Ebay Wants to Buy Skype? Makes Sense
My first thought when I read Fred's post was, could it be because Ebay feels threatened by Google's growing stature? Let’s face it, until a few months ago, Ebay was the largest internet pure play business around. At around $55 billion in market cap Ebay is three times the size of Amazon and significantly larger than Yahoo. Now, all of a sudden here comes Google and before Whitman could even blink it races past Ebay to reach over $80 billion in market cap. Now that Google is poised to launch an online payment mechanism, possibly threatening Paypal (even though Google denies they would compete) - it makes eBay all the more insecure.
Another reason is the huge opportunity that VoIP presents today. Ever since the release of GoogleTalk I've been itching to write about the untapped, languishing elephant of an opportunity that all the bigwigs - Yahoo, Microsoft, AOL have ignored so far and those that haven't, namely Skype and Vonage, have been unable to capitalise on. Now when Google is all set to make the most of this opportunity, it makes perfect business sense for Ebay to want to have a share of that cake.
Sure, this has nothing to do with Ebay's auction business but it does represent a big market and a perfect vehicle to enter it. Amazon too had nothing to do with search prior to launching A9. It entered the industry by about the same time Microsoft woke up to the fact that there's big money to be made there. Now that Microsoft has bought Teleo and when Yahoo is probably already revving up Dialpad, why would Ebay want to be left behind?
I must clarify here why I think Sype and Vonage missed the bus before I get mowed down by the cult of Skype. I know I know, everyone who uses, loves Skype. But this isn't 2000. Lets make a distinction between a business that makes big profits and one that has a big user base that expects free lunch. To have a 50 million subscriber base and not to be able to make good money out of it in two years in a way that keeps everyone happy is, to me, a disgrace. The SkypeOut business model is so ridiculous that even the most voiceferous supporter of Skype tries to avoid it as much as possible, which explains Skype’s measly revenues per subscriber. Vonage? Well, here’s the simple math: divide the number of Vonage subscribers with the households that have a broadband connection and multiply with 100. That's the percentage of market that Vonage has tapped so far.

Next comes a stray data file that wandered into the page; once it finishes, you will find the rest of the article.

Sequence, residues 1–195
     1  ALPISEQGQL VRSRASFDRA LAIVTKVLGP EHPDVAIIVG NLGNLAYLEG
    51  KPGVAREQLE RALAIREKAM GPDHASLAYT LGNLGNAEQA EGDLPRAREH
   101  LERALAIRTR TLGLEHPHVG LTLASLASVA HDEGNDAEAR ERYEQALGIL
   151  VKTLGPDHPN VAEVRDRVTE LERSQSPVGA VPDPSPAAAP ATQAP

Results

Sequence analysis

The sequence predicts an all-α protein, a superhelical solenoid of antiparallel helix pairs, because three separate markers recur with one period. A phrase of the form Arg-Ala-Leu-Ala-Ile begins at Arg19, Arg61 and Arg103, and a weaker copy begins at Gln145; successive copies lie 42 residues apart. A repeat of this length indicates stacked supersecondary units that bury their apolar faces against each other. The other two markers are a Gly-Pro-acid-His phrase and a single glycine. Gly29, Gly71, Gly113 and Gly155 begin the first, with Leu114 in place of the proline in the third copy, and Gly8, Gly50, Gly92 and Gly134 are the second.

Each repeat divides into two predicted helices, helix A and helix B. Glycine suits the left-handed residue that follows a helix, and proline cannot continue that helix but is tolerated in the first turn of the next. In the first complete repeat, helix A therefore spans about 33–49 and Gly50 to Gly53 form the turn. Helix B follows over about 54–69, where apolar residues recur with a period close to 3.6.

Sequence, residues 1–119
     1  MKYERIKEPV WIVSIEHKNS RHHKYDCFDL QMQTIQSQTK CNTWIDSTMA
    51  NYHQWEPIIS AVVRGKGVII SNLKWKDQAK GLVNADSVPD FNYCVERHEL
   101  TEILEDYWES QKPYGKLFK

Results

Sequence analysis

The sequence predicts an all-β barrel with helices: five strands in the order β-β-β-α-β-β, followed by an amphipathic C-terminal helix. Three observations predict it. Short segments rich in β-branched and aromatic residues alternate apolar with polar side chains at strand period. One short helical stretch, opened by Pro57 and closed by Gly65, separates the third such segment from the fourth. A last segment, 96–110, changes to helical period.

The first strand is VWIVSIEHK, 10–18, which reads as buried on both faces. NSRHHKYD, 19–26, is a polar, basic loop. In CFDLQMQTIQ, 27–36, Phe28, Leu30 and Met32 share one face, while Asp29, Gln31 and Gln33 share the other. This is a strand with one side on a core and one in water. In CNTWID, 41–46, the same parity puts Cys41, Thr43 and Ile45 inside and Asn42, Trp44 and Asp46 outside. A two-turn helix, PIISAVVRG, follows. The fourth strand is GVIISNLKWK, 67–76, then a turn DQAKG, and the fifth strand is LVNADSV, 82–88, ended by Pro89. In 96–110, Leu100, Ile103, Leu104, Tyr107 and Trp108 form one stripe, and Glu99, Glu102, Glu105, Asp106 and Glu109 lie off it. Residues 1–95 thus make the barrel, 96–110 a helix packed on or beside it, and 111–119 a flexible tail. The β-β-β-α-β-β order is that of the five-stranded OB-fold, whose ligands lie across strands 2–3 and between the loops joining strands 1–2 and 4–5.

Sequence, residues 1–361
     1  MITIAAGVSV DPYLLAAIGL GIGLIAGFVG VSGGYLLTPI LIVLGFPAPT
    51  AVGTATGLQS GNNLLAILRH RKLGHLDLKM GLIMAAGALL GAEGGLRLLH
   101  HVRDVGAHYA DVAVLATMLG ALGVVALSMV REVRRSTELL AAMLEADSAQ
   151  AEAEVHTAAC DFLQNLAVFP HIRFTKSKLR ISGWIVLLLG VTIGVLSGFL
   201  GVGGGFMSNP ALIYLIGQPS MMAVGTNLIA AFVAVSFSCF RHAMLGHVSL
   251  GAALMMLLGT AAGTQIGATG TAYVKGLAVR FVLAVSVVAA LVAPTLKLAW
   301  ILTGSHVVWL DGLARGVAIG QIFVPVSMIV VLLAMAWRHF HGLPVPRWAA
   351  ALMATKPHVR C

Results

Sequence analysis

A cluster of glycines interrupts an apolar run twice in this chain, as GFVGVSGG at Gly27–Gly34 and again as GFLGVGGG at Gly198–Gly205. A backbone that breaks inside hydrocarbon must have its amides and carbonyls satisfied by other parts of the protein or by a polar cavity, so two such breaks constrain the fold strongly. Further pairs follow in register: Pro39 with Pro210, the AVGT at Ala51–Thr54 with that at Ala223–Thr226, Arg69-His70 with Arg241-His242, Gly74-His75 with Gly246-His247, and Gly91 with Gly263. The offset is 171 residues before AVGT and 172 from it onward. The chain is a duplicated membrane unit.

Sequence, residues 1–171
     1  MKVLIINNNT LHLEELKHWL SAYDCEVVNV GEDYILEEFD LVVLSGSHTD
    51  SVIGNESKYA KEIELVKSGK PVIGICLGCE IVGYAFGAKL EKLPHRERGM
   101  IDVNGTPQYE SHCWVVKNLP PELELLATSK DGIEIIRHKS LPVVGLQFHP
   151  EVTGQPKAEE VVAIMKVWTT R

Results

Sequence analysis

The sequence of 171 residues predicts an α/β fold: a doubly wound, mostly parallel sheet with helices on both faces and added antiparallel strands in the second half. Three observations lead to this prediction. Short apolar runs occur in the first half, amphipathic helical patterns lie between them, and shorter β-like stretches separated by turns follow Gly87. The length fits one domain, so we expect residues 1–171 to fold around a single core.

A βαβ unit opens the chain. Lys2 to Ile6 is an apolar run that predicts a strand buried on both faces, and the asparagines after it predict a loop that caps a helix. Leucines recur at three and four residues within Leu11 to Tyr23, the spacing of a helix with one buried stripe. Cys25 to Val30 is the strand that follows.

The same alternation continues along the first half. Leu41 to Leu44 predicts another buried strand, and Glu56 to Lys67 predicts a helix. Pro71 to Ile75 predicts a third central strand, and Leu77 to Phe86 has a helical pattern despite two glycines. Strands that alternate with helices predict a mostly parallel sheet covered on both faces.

The question in my mind is not whether Ebay would buy Skype if it could. The question is would Skype be interested in being bought by Ebay? If you ask me, they should. To me, if Skype was actually offered $3 billion by Murdoch, as the media has been speculating, it made a mistake by refusing the offer. GoogleTalk is about to take over the world's telecom business. Now’s the time to exit! But more on that soon.
13-Sep: I was wrong! Ebay has announced the acquisition and the reasons aren't the ones I cite in this post. See, my final analysis and comments on Skype's revenues, which are now public.
9-Sep: Another reason why this isn't about Ebay's auction business - Skype's inherent value is its large subscriber base. If it was only about enabling communications in the auction community or making support easier, any VoIP service would do. Ebay is willing to pay in billions for the established distribution that Skype brings to the table. Sure, it may find some applications of the service in the auction business but this is clearly about taking a lead in the internet telephony business. (Meanwhile, the Wall Street doesn't like the idea much. Ebay's stock took a beating today over the news of Skype buyout.)
my thoughts on Skype's high valuation